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Here come the science girls


Europe needs more scientists. Women are still under represented in fields like engineering, science, mathematics and computing. So it makes sense to try and increase the pool of female talent available in these areas, to get more young women thinking about a career in the sciences.

We would not go about it like this:

The video is the official trailer for an initiative from the EU Commission, Science: It’s a Girl Thing!, aimed at showing teenage girls what a life in the lab can offer them.

It’s pink. It features a lot of close-up shots of shoes, nails and make-up. The three women playing the scientists strut about like catwalk models. The final logo shows the ‘i’ in science replaced with a lipstick.

Unsurprisingly, the video has attracted a lot of negative online comments. YouTube user winklesl said: “What were they thinking?!! I'm a female scientist who spends a lot of my spare time encouraging girls into science and engineering careers. This is just offensive to the nth degree.” Fellow commenter twistedlilkitty left the following sarcastic message: “I like to spend my day in the lab laughing, putting on nail varnish, writing 'Brian Cox is dreamy' over and over in my lab book instead of doing experiments or publishing my work.”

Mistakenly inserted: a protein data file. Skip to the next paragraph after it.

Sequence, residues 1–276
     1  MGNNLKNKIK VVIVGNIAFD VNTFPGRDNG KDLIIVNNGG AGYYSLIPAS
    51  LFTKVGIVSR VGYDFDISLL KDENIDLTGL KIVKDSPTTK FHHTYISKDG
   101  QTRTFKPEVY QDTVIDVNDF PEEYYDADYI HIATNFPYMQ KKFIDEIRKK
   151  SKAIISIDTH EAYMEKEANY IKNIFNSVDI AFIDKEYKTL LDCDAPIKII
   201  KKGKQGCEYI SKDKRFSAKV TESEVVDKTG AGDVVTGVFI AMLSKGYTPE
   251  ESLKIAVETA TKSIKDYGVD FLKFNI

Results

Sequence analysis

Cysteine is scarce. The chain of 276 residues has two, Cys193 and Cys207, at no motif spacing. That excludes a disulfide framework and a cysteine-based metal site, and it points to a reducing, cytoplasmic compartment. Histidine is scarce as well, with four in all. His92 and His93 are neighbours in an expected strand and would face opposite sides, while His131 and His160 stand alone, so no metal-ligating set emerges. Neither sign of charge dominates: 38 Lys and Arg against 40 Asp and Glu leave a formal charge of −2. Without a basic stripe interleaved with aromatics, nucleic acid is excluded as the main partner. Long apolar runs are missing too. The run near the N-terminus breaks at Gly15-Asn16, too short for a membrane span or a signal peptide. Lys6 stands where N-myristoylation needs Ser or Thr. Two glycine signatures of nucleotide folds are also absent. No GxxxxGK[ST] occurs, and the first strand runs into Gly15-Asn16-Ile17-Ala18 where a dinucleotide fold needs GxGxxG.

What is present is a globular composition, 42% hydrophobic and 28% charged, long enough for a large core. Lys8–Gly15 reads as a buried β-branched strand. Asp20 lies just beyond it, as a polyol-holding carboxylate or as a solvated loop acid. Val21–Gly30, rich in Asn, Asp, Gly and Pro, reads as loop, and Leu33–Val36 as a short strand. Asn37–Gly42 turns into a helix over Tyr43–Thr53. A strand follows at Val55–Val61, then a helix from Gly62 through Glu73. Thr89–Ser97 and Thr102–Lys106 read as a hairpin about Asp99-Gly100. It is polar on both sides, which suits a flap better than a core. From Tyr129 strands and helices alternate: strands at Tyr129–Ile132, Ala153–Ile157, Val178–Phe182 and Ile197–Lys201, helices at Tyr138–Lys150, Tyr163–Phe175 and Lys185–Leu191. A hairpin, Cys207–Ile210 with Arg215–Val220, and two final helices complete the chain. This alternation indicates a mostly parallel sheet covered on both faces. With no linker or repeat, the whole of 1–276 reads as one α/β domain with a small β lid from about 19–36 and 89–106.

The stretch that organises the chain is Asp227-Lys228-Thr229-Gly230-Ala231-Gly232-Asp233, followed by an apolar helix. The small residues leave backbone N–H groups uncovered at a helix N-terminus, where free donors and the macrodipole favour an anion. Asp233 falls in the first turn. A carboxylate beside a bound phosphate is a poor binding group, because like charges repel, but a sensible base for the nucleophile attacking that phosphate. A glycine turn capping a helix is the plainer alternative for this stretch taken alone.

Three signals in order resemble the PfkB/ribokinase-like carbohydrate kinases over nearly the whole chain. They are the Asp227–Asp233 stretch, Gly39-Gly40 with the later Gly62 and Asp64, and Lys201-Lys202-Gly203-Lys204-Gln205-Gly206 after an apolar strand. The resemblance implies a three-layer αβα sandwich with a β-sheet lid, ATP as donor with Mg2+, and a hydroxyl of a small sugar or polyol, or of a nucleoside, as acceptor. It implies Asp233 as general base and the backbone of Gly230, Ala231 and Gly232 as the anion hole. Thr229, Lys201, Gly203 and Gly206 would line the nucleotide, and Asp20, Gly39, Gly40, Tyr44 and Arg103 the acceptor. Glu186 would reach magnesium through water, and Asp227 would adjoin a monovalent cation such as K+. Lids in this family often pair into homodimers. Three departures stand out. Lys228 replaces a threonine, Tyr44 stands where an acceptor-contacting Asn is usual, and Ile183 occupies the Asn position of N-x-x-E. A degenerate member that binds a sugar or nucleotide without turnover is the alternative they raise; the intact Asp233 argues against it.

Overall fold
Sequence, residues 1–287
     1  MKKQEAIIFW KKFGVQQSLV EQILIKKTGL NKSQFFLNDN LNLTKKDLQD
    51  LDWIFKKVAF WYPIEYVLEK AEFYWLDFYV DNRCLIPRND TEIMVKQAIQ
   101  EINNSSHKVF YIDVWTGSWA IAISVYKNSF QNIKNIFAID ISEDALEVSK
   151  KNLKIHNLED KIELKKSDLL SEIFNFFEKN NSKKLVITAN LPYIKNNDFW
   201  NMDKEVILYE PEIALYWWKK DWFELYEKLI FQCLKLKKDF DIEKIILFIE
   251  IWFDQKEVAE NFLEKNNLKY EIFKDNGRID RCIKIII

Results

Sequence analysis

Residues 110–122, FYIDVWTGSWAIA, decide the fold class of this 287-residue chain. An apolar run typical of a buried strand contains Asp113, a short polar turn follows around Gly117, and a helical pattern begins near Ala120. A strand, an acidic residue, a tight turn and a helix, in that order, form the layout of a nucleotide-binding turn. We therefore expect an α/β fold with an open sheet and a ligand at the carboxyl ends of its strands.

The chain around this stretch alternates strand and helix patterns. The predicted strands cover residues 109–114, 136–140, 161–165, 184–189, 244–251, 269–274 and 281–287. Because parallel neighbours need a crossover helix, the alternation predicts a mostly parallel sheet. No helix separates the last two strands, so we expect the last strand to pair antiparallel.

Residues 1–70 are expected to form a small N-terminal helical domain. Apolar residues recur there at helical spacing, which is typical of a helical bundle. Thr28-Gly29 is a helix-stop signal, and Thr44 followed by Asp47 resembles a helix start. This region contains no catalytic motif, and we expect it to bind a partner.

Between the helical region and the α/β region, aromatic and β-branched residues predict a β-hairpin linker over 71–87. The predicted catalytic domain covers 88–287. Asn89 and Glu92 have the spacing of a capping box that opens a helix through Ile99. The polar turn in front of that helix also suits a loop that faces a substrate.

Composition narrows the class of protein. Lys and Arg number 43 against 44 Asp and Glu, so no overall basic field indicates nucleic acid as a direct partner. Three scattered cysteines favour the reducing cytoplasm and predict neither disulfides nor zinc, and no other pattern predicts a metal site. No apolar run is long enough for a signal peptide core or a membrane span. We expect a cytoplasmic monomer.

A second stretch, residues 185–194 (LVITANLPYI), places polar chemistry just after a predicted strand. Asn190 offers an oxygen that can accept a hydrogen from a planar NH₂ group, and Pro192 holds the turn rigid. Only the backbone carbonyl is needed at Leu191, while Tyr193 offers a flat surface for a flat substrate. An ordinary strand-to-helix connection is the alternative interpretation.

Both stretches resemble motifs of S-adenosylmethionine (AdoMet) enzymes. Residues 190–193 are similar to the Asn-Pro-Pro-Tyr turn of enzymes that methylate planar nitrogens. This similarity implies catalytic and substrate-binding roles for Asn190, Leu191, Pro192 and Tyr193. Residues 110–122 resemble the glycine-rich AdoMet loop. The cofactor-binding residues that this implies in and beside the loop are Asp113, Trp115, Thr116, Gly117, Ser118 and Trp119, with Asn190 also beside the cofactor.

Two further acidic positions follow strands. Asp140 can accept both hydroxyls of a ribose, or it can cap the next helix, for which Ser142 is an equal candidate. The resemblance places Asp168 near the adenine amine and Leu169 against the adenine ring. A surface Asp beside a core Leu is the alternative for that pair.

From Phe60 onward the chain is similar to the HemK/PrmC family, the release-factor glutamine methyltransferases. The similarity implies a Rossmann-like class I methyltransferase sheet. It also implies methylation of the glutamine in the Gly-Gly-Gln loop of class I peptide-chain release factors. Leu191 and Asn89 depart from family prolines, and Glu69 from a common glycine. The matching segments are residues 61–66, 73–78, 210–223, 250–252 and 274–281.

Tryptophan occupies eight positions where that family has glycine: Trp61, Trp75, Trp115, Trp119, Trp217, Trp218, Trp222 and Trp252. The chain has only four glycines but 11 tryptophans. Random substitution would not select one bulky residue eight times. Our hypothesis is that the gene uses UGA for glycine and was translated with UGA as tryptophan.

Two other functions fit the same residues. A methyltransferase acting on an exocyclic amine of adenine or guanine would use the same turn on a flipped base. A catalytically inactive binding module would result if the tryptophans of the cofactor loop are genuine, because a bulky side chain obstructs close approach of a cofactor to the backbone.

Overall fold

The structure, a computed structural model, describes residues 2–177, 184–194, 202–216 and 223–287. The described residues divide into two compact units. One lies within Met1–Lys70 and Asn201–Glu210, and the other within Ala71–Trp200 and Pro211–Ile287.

“This part of the campaign is aimed at girls in secondary school,” said Michael Jennings, the research, innovation and science spokesperson for the EU Commission. “We tested quite a few different things with focus groups and they really liked this one. Everyone is entitled to their opinions, but we haven’t yet had any teenage girls say it’s patronising.”

The wider campaign does show signs of hope, with a Facebook page featuring a timeline of high-achieving women and video interviews with female scientists from various fields.

“We’re not saying teenage girls are only care about cosmetics and music, but they are areas many of them do care about and we hoped we would attract them to the more serious side of the campaign that way,” said Michael Jennings.

We really do hope the campaign achieves its wider aims, but can we put in a plea for scientists who are good at testing hypothesises and making calculations, rather than those who just look hot in a pair of glasses?



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